This post was written by guest blogger Jeremy Wilson, Director, Ethics and Integrity
Do companies have good ethics any more? At least one hundred do.
Cisco was recently placed on Ethisphere’s World’s Most Ethical company list for the seventh year in a row. Ethisphere, an independent research center that promotes best practices in corporate ethics and compliance, issues an annual survey with a series of multiple-choice questions that are intended to “capture a company’s performance in an objective, consistent, and standardized way.” Scores are then generated in five categories:
Ethics and compliance programs
Reputation, leadership, and innovation
Corporate citizenship and responsibility
Culture of ethics
Only a handful of companies have remained on the list as long a Cisco. The Cisco Ethics Office works with our various compliance partners around the company and around the world to enable and ensure legal and regulatory compliance in the 100+ countries in which we do business. The Ethics Office specifically focuses its attention on responding to questions and concerns that come in through the various reporting avenues, counseling with the business, and working with leaders to promote and enhance Cisco’s culture of ethics and integrity.
Cisco is also one of the few companies in the world to repeatedly achieve 100% participation in its code of business conduct certification and related trainings. This is just another indicator of Cisco’s commitment to good business ethics. Kudos to the entire Cisco Family on this great achievement.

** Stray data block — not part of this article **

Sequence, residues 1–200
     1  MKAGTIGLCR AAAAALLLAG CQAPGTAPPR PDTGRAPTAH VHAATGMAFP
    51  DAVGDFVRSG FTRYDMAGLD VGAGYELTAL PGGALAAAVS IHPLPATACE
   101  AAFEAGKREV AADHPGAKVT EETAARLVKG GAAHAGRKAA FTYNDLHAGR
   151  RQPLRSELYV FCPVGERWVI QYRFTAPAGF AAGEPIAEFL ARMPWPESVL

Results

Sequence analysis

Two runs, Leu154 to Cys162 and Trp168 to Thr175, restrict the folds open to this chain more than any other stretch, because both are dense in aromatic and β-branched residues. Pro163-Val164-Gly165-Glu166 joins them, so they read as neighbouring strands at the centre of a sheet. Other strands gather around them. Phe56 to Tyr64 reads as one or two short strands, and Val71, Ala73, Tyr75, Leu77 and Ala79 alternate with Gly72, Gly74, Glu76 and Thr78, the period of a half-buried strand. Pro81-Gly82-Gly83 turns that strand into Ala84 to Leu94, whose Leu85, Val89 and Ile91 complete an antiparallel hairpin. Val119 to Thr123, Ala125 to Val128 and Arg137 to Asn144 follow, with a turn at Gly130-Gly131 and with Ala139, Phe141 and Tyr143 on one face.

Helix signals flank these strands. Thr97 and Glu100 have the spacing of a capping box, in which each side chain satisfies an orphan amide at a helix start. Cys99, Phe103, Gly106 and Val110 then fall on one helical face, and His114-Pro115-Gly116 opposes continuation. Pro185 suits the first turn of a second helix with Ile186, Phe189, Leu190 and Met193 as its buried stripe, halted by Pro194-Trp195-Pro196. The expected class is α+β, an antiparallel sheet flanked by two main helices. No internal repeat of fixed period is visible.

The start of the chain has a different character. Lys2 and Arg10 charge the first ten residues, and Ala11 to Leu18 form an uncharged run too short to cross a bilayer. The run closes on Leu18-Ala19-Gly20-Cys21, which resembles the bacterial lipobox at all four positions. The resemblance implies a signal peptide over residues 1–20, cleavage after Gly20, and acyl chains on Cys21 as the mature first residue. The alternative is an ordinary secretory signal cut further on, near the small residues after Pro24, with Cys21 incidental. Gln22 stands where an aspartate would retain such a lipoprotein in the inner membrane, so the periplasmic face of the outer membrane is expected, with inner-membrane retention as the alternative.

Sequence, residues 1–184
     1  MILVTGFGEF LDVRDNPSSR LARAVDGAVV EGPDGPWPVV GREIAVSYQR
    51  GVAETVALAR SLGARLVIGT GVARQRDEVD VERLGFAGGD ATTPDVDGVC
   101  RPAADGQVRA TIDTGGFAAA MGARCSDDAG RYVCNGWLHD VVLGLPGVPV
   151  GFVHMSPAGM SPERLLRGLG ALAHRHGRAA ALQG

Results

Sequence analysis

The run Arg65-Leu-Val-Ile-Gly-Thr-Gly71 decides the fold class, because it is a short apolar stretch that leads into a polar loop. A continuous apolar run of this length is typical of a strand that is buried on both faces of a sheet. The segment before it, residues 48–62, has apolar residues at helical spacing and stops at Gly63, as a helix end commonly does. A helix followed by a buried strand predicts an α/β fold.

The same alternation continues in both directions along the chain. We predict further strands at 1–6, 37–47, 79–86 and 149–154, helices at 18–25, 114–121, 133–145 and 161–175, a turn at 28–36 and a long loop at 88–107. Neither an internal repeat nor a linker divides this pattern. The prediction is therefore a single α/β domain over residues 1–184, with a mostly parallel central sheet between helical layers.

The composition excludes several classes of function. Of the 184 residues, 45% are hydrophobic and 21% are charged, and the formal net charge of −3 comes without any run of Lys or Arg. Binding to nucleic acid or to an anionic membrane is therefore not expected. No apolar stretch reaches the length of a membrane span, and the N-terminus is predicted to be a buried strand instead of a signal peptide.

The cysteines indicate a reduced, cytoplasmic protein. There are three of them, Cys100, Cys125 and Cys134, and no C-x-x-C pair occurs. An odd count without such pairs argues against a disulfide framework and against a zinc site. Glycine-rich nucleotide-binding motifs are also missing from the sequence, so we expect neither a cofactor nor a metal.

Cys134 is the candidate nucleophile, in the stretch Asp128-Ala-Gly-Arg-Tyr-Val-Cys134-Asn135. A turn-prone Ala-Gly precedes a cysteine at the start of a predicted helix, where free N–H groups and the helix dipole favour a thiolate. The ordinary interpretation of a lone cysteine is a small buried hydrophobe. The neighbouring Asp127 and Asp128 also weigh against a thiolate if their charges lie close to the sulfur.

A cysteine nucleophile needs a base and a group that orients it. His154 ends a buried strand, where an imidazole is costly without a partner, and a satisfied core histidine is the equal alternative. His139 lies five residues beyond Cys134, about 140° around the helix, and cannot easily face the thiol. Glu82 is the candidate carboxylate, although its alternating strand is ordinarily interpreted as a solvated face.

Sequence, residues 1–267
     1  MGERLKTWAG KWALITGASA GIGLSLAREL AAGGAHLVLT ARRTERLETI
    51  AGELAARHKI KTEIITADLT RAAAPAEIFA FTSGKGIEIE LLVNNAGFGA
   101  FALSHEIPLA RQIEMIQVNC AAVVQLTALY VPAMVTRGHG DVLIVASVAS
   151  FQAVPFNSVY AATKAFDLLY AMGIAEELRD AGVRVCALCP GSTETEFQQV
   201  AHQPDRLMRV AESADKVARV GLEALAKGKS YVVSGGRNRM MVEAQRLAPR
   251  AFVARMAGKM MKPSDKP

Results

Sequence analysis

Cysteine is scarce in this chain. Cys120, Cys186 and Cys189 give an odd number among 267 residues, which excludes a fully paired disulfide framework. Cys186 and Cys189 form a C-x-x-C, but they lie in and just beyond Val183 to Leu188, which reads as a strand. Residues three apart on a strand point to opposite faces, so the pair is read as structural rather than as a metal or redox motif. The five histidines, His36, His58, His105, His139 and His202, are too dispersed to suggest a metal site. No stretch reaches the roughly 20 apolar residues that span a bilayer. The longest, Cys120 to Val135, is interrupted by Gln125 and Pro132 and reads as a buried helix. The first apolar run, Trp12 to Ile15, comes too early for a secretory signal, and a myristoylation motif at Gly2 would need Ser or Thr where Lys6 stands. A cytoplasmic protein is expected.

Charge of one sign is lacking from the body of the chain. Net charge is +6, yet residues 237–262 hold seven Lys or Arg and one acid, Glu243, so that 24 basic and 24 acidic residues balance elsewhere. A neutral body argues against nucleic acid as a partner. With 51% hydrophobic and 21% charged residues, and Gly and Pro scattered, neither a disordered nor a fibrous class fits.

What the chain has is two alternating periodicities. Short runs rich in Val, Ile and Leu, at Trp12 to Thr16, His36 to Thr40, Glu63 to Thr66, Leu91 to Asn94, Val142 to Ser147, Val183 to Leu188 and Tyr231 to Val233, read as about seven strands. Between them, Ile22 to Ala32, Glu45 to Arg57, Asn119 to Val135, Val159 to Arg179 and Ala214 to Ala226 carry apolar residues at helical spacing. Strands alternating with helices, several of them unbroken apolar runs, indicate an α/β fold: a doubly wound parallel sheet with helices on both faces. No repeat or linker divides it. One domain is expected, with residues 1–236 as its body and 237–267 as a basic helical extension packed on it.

For the sixth time in as many years, the Ethisphere Institute honored Cisco by naming us to its list of the “World’s Most Ethical Companies” and we continue to be proud of our long-standing commitment to ethics and integrity. At Cisco, we hold ourselves to a very high standard of business and professional conduct. Our company was founded on a platform of open communication, empowerment, integrity and respect. These values remain at the forefront of the way we do business each day. As a result, our customers, partners, and stakeholders around the world continue to trust our products and services. Read More »
At Cisco, we rely on more than 600 suppliers worldwide to manufacture, test, ship, and recycle the products we design. And, we expect these suppliers to meet the same high standards on ethics, labor rights, health and safety, and the environment that we apply to our people and operations.
So how do we manage that task over such a large network of suppliers?
One of our most powerful tools is our supplier scorecard. In the last fiscal year, we added sustainability criteria to the scorecard for the first time, and we are encouraging our suppliers to report their performance publicly in a Corporate Social Responsibility Report report and to disclose their greenhouse gas emissions through the Carbon Disclosure Project.
Today, Cisco issued its eighth annual Corporate Social Responsibility Report. This document describes our efforts to use our technology and expertise to multiply our impact on people, communities, and the planet we live on.
The fiscal year 2012 (FY12) CSR Report underscores Cisco’s approach and commitment to act responsibly, operate sustainably, and make positive contributions to communities around the world.
Paul Dickinson, Founder and Executive Chairman of the Carbon Disclosure Project, explains how Cisco TelePresence and Cisco WebEx help his environmental advocacy organization execute its mission.